HomeOpinionRe-imagining school and work

Re-imagining school and work

 

By Mary Ellen Maske | Guest Editorial

When the comprehensive high school was created in the late 1900s, it was largely in response to the needs of the emerging industrial economy. Not only did we need to socialize and provide basic education for America’s children, we had to prepare them for a new work life that involved repetitive tasks in a factory setting.

Today, we face similar challenges as our forefathers as we navigate a massive shift in the way businesses operate, and how and where people work.

In our new hyper-connected world, we are coming to realize the inter-relatedness of our economic, educational, ecological and community systems. Today’s world calls for co-creation and unprecedented collaboration. No single system or community can prepare students for a hyper-connected world alone and in isolation. As such, we understand that universities, K-12 education, businesses and communities must forge new and comprehensive ways to engage our students in this new world of work, and the skills and abilities needed to be successful in it.

As such, we are exploring and implementing some exciting programs and opportunities to meld rigorous student learning with real-world experiences and contact with the world of work and play they will enter. An example of this includes the Waukee Community School District (CSD) implementing the CAPS model this coming year. CAPS, the Center for Advanced Professional Studies, pairs students with local businesses for long-term internships, and allows them to engage with professionals to solve real-world business problems and explore opportunities.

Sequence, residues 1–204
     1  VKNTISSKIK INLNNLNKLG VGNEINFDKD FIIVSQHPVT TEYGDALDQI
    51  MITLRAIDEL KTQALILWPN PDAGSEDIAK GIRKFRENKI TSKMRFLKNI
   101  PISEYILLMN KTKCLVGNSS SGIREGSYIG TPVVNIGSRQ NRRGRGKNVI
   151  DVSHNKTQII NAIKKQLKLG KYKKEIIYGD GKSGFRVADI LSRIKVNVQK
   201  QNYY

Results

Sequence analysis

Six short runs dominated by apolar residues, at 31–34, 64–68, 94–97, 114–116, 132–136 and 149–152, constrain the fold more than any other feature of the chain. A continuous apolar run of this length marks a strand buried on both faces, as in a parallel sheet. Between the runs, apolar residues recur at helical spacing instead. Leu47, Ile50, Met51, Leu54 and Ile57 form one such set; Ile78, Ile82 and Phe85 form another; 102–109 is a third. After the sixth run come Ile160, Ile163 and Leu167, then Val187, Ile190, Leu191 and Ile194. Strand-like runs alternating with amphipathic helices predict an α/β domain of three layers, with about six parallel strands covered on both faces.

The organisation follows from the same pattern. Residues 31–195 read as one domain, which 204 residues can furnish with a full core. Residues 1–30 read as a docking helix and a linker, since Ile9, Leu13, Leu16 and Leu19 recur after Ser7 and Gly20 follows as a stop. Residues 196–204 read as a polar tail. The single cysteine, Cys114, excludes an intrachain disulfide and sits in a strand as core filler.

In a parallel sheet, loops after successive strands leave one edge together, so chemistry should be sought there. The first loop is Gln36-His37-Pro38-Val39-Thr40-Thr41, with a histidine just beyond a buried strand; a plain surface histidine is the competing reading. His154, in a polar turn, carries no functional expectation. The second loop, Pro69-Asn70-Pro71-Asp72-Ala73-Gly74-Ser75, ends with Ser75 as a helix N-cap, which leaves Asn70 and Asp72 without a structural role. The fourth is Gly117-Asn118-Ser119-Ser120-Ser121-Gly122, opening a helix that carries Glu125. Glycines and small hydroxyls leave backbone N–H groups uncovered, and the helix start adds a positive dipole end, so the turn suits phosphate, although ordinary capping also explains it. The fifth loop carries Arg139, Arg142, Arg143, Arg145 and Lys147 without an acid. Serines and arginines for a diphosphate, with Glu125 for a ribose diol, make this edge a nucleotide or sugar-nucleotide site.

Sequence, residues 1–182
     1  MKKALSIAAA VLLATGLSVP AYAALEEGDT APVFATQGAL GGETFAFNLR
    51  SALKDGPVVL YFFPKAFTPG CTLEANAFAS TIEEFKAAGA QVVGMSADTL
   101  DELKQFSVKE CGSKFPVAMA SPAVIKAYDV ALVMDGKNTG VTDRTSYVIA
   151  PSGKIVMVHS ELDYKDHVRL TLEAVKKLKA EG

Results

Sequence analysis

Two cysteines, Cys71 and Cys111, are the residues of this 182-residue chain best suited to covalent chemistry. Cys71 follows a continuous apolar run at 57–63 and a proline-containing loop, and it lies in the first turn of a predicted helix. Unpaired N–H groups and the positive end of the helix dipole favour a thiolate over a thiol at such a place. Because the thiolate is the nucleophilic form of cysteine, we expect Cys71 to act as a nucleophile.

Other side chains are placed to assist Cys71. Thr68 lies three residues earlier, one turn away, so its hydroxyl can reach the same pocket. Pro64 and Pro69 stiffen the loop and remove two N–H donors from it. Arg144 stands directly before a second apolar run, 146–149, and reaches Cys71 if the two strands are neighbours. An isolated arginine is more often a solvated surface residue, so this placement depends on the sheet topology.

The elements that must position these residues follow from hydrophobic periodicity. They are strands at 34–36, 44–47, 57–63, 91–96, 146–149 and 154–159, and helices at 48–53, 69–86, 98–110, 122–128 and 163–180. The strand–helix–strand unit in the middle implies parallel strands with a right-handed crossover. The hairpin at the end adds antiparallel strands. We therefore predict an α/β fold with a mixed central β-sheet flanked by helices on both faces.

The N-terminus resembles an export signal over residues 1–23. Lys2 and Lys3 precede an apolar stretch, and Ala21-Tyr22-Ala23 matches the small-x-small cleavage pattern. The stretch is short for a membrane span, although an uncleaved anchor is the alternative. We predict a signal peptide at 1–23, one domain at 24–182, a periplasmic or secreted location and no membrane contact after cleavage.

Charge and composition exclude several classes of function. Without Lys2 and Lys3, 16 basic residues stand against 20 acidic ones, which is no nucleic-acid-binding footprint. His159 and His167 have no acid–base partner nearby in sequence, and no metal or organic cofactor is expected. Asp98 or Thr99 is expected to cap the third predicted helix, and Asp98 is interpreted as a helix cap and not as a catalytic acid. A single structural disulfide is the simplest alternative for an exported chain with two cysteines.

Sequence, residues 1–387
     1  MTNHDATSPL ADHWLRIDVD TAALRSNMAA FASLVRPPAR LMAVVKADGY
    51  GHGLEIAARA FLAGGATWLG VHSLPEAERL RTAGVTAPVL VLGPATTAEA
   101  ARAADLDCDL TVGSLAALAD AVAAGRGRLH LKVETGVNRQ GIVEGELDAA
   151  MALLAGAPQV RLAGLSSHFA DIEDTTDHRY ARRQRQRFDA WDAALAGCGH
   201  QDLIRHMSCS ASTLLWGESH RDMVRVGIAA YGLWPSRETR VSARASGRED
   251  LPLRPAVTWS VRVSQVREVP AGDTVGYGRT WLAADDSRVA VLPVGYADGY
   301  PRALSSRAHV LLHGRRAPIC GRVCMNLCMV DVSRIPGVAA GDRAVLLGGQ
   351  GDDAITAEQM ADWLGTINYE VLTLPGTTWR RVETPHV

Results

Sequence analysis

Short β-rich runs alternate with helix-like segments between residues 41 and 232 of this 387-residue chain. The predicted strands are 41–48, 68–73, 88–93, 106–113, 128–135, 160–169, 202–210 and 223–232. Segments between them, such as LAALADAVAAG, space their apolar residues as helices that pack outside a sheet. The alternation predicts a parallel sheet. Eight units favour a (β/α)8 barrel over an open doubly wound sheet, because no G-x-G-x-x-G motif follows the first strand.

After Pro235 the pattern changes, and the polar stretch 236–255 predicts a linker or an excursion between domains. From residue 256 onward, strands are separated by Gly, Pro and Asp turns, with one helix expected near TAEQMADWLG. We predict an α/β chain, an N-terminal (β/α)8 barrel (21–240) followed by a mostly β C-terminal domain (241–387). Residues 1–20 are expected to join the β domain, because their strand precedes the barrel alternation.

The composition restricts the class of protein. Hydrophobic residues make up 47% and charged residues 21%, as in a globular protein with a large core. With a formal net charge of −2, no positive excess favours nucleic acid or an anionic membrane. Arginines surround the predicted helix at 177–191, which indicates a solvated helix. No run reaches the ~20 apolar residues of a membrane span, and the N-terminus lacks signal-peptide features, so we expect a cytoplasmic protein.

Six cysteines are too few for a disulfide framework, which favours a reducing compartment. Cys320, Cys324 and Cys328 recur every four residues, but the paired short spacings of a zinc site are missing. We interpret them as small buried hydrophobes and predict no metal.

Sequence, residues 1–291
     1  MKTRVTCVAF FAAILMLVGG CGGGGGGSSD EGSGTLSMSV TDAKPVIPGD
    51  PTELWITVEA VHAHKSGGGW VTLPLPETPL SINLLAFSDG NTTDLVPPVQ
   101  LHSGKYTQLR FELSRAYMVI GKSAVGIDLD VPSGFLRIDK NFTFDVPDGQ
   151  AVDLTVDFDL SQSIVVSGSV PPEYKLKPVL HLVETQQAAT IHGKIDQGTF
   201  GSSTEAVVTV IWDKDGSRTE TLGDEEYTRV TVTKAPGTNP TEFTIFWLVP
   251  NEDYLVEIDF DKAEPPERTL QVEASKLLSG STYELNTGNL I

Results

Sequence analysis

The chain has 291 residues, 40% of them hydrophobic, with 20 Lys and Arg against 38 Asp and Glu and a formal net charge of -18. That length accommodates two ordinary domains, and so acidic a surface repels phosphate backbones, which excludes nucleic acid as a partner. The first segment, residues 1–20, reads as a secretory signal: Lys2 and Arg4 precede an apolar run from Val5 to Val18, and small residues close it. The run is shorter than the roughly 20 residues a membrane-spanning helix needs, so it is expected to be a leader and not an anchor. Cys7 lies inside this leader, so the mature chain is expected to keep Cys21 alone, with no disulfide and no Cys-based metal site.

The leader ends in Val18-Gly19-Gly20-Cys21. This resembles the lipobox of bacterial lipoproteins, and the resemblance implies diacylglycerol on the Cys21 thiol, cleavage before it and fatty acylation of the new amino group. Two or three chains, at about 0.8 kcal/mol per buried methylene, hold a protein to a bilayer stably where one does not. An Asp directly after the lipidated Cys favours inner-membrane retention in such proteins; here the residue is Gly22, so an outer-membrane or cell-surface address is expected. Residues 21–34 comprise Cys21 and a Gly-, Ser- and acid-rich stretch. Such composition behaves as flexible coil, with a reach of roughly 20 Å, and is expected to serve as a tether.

Iowa BIG is another initiative between two school districts, Cedar Rapids CSD and College CSD, in which students earn core academic credit in a half-day program. Iowa BIG students select real-world projects pitched by businesses, nonprofits, and the community at-large. Through their passions and interests, they create value for the organizations while learning important content and concepts in context.

The Regional Centers being established by Kirkwood Community College also provide career preparatory and exploration courses to area high school students. And finally, the long-standing Workplace Learning Connection provides career exploration and internships to students to better understand the career options available to them in Iowa.

This level of collaboration, commitment and co-creation is largely new to most of us. Given the strong entrepreneurial spirit in the state, we are learning from that important niche in the economy a new mantra: “fail fast, fail forward, fail cheap.” As we move forward together, we are going to learn a lot very quickly while always ensuring our students are safe, actively learning and being prepared for a future none of us can predict.

What we do know, and what we will keep a strong focus on, is that we must “grow our own” here in Iowa. We must ensure strong and engaging communities with great jobs and unlimited opportunities so that our children want to stay here to work, live and play. The only way to make this happen is to work together to show our children exactly what Iowa has to offer.

We continually find students awed and shocked by the diversity of careers and social opportunities available in our community when given the chance to see and explore. We must collectively be much more purposeful about connecting our children to the community. By working together through the above-listed initiatives and the myriad of others not shared here, we can begin to impact Iowa’s economic future and the well-being of Iowa communities.

Last week’s statewide school leader dialogue and celebration, hosted by the University of Iowa College of Education and Tippie College of Business focused on strengthening partnerships between the university and Iowa’s schools. Leaders from across the state and at UI engaged in dialogue to explore opportunities that exist to better prepare our students as 21st century learners and productive, responsible citizens. Continuing this dialogue will be imperative in the ever-changing world of work and school in Iowa.

 

Mary Ellen Maske is deputy associate superintendent of Cedar Rapids Schools and a University of Iowa Educational Leadership alumna in the UI College of Education. She was named 2014 Iowa Central Office Administrator of the Year by the School Administrators of Iowa.

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